The role of the commensal microbiota in the regulation of tolerance to dietary allergens


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Abstract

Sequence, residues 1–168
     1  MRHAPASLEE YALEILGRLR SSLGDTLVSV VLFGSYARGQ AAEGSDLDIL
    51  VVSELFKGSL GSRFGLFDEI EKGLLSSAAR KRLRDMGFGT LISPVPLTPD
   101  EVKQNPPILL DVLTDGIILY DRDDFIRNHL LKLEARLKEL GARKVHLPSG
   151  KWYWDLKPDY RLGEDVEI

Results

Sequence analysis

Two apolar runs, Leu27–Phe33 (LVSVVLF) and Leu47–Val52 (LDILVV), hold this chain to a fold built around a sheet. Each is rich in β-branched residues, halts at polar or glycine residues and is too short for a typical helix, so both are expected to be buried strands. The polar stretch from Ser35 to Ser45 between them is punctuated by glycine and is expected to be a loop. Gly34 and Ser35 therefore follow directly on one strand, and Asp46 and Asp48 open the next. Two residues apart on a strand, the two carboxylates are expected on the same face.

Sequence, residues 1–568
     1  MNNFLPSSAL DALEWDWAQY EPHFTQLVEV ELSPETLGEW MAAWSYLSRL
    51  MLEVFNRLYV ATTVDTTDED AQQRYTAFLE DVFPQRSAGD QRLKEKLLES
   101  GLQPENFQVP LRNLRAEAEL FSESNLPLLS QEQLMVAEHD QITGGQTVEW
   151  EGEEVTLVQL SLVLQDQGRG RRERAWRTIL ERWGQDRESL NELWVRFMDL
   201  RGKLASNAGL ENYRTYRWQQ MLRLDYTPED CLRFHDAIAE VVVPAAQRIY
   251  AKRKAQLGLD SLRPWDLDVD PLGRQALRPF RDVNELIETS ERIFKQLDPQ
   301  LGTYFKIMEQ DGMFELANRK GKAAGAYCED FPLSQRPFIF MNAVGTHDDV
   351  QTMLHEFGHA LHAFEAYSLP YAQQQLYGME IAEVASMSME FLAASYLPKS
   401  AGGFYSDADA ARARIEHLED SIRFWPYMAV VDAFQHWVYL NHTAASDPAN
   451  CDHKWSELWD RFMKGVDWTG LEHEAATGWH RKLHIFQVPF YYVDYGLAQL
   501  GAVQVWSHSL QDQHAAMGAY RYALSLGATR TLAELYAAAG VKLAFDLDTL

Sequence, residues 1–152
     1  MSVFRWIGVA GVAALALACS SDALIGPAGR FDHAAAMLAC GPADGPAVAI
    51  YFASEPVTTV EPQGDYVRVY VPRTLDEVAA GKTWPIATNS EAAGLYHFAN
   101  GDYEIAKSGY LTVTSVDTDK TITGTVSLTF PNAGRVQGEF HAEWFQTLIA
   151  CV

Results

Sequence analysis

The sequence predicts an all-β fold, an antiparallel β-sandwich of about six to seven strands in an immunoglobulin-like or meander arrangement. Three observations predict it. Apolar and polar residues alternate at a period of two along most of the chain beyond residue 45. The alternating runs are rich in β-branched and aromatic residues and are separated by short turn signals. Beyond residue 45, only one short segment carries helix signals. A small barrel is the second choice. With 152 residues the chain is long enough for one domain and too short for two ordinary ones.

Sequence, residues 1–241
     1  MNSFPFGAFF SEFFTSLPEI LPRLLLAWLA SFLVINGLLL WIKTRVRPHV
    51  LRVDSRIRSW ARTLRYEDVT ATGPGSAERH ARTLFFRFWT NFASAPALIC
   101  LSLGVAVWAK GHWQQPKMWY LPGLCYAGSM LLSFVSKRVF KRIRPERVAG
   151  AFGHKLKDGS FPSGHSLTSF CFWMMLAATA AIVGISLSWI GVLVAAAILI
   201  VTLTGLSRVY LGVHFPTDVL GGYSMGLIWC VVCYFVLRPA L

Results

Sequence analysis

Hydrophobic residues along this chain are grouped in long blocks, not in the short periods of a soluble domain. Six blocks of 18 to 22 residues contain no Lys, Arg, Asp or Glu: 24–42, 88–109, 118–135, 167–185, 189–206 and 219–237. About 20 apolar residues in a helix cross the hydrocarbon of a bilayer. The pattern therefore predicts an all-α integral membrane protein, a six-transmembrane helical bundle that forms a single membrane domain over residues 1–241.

Purpose of reviewWe review the evidence that environmental stimuli that perturb naturally selected host–microbe interactions are driving the increasing prevalence of food allergy and examine the mechanisms by which commensal bacteria regulate tolerance to dietary allergens.Recent findingsAntibiotic use and the consumption of a high-fat/low-fiber diet have a major and rapid impact on gut bacterial populations, with long-term consequences for both overall microbial community structure and the regulation of host immunity. Recent work emphasizes the role of mucosa-associated commensal bacteria in eliciting a barrier-protective response critical to preventing allergic sensitization to food. Murine model studies are informing the development of novel live biotherapeutic approaches as an adjunctive therapy to enhance antigen-specific oral desensitization and to promote lasting tolerance in patients with food allergy.SummaryStrategies based on modulating the composition and/or functionality of the gut microbiome hold promise for the treatment of food allergy.

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